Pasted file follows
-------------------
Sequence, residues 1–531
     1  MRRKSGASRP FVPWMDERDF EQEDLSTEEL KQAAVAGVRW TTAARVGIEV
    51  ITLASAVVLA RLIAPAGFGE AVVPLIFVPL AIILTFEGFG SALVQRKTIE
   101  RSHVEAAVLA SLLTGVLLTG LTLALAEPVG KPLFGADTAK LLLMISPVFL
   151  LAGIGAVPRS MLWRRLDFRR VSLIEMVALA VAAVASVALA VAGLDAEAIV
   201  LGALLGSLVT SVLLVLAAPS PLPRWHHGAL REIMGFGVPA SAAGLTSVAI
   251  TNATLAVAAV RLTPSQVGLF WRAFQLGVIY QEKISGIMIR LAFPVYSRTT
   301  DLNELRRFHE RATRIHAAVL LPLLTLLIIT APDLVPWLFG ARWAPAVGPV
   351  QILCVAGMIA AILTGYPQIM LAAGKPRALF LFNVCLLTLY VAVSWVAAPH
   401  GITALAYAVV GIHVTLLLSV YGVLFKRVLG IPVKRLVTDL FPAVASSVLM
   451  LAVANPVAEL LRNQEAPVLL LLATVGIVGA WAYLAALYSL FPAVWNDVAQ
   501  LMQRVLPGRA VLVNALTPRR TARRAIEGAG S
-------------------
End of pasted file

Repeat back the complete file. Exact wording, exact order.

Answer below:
Sequence, residues 1–531
     1  MRRKSGASRP FVPWMDERDF EQEDLSTEEL KQAAVAGVRW TTAARVGIEV
    51  ITLASAVVLA RLIAPAGFGE AVVPLIFVPL AIILTFEGFG SALVQRKTIE
   101  RSHVEAAVLA SLLTGVLLTG LTLALAEPVG KPLFGADTAK LLLMISPVFL
   151  LAGIGAVPRS MLWRRLDFRR VSLIEMVALA VAAVASVALA VAGLDAEAIV
   201  LGALLGSLVT SVLLVLAAPS PLPRWHHGAL REIMGFGVPA SAAGLTSVAI
   251  TNATLAVAAV RLTPSQVGLF WRAFQLGVIY QEKISGIMIR LAFPVYSRTT
   301  DLNELRRFHE RATRIHAAVL LPLLTLLIIT APDLVPWLFG ARWAPAVGPV
   351  QILCVAGMIA AILTGYPQIM LAAGKPRALF LFNVCLLTLY VAVSWVAAPH
   401  GITALAYAVV GIHVTLLLSV YGVLFKRVLG IPVKRLVTDL FPAVASSVLM
   451  LAVANPVAEL LRNQEAPVLL LLATVGIVGA WAYLAALYSL FPAVWNDVAQ
   501  LMQRVLPGRA VLVNALTPRR TARRAIEGAG S